This helps Pakistan too. The fledgling revival of the Pakistan film industry has been possible only because there are enough Bollywood films to keep the cinemas running between the Pakistani films. It was the ban on Indian films that had killed the Pakistani film industry.

Athar Hussain / Reuters
A man walks past an Indian movie poster inside a cinema in Karachi April 21, 2008. Pakistan banned Indian films after going to war with its neighbour in 1965 but over the past few years, as relations between the nuclear-armed rivals have improved, authorities have been allowing a trickle of Indian films to be shown in cinemas. That has delighted movie fans and cinema operators but Pakistani film producers fear a flood of Indian films could mean the end of the local film industry. Picture taken April 21, 2008. To match feature PAKISTAN-BOLLYWOOD/ REUTERS/Athar Hussain/Files (PAKISTAN)

Apart from Pakistan, Bollywood films are as popular with the Pakistani diaspora as with the Indian diaspora.

Bollywood films are the centrepiece of Indian soft power. Across the world, especially in Central Asia and the Middle East, Indians are welcomed by locals who know Bollywood songs. Such soft power in Pakistan helps India counter anti-India propaganda in Pakistan. The films and TV shows tell Pakistanis that Indians are more than just the people who have Kashmir. The Pakistani love for Bollywood films is a big counter to the warmongering hatred of jihadis who want them to hate India, and boycott Indian films.

The role of Bollywood as a PR agent of India amongst Pakistani masses becomes much greater when Bollywood finds space for Pakistani actors and singers. It tells Pakistanis that India is a welcoming country that is being capable of being nice to Pakistanis.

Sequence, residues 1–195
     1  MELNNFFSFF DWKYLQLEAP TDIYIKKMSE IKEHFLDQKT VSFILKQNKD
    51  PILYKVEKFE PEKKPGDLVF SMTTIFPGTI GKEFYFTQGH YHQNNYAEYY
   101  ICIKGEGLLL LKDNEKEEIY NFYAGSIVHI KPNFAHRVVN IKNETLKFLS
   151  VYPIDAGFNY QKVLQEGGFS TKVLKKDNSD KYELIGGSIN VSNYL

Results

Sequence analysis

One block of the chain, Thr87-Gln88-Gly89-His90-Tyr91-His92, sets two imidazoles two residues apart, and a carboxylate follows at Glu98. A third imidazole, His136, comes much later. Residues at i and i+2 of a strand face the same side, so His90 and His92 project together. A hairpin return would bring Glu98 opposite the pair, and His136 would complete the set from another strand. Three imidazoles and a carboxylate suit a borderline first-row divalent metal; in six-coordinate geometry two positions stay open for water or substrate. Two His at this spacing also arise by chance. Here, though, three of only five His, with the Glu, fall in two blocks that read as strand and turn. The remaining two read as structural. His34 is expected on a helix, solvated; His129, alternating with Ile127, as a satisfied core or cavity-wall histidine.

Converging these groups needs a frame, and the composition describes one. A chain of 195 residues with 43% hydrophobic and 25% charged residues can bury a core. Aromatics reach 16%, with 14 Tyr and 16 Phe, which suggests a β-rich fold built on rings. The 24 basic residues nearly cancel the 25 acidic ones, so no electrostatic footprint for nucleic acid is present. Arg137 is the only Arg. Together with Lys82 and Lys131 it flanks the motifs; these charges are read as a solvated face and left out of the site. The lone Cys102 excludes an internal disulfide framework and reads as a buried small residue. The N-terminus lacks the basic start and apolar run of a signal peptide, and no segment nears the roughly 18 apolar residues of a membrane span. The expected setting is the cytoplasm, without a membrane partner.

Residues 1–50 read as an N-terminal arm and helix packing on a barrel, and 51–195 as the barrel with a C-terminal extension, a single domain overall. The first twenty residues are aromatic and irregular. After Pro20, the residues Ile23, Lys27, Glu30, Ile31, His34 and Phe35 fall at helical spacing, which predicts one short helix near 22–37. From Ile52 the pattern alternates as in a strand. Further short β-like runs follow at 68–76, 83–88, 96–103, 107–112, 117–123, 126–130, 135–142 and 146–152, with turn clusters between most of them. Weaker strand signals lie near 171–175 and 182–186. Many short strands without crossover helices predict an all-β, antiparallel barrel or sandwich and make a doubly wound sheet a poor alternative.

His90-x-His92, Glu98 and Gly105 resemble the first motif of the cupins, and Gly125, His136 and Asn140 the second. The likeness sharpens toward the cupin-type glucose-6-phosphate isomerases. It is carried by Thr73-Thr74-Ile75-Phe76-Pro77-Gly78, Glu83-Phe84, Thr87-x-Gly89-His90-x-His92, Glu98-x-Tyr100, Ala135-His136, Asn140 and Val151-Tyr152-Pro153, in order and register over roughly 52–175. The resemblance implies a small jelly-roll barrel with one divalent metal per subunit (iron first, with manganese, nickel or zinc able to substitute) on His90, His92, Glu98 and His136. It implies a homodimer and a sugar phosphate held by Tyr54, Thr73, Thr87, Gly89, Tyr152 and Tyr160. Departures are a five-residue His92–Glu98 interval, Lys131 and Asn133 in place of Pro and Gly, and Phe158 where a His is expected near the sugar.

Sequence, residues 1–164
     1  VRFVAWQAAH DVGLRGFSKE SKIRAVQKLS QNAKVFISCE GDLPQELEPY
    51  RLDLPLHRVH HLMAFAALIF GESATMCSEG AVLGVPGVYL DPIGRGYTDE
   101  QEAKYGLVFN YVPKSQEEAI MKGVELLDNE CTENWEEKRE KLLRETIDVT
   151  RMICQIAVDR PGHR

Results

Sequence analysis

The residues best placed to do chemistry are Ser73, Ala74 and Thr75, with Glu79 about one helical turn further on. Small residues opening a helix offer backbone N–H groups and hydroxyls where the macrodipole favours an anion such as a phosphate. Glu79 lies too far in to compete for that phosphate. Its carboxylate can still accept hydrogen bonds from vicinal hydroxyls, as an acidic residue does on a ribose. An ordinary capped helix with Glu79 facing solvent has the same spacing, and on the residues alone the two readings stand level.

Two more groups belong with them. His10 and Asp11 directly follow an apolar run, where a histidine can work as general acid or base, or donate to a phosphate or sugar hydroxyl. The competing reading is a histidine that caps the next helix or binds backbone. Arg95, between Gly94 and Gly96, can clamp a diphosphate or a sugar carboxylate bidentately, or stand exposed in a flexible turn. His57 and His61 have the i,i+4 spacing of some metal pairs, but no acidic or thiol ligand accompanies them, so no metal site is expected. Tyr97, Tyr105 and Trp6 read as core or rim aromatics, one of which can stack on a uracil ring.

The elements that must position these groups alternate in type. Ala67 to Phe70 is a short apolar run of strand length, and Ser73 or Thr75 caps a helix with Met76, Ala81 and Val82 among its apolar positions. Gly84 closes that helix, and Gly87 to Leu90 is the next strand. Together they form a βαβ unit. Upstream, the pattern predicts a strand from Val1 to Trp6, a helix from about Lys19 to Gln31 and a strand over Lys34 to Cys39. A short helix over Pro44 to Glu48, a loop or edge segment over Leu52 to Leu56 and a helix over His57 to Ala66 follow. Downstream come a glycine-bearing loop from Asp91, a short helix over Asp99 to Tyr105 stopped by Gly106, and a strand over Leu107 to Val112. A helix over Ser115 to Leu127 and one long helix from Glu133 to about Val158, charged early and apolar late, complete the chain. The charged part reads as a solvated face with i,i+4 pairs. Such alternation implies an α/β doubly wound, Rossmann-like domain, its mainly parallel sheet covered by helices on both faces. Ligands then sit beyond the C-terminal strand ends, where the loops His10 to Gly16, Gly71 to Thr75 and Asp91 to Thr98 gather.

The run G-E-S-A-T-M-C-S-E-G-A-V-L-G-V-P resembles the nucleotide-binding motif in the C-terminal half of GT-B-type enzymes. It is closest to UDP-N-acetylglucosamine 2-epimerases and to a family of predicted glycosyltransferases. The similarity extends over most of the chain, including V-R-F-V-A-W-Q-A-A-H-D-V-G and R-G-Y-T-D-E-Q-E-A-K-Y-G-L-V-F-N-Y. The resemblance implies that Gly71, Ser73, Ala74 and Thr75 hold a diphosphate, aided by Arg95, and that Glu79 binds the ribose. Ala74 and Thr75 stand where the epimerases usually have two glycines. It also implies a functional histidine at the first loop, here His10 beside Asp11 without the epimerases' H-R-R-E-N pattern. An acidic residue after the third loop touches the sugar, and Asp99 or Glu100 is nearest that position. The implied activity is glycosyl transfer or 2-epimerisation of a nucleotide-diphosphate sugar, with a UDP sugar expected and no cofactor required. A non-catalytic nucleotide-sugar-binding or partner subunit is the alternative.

Does that not benefit India in a country where forces of hate want to produce ever more terror factories aimed at India?

Pakistan's soft power in India

There are Pakistanis who realise Bollywood is Indian soft power, and would like Bollywood films banished from Pakistan. Such Pakistanis don't realise that Pakistan also has an element of soft power in India: music.

Pakistan is not the first thing that comes to mind when people in India listen to Nusrat Fateh Ali Khan's qawwalis. But it does help remind Indians that Pakistan is much more than those terrorists who attack India. Pakistan is also the country of great Sufi music whose message is one of peace, its performers great advocates of India-Pakistan peace.

The increase in the number of Pakistani actors in Indian films, too, extends Pakistani soft power in India. After seeing how crazy Indian women were over Fawad Khan, a visiting Pakistani joked they should make him Pakistan's high commissioner to India.

Pakistanis cannot imagine the scale of the popularity of Pakistani music in India. Coke Studio songs run in our cafes and homes all the time. Singers made famous by Coke Studio perform to packed halls in India. As security concerns reduced public music performances in Pakistan, many Pakistani artists made used of the rising concert scene in India.

The increase in the number of Pakistani actors in Indian films, too, extends Pakistani soft power in India. After seeing how crazy Indian women were over Fawad Khan, a visiting Pakistani joked they should make him Pakistan's high commissioner to India. Why this is important, the likes of Hamza Ali Abbasi and Shaan Shahid will never understand, just as Indian hawks won't get it why it's in Indian interest to have Pakistani actors in Bollywood.

It would be useful if surgical strike in Uri and the violence in Kashmir not be the only images of India that Pakistanis see. They should also see the good side, and what better portrayal of it than a Bollywood that welcomes Pakistani talent. Similarly, Pakistanis need to realise it is good for them to let Indians have an image of Pakistan other than the jihadi, and what better image than good looking Pakistani actors?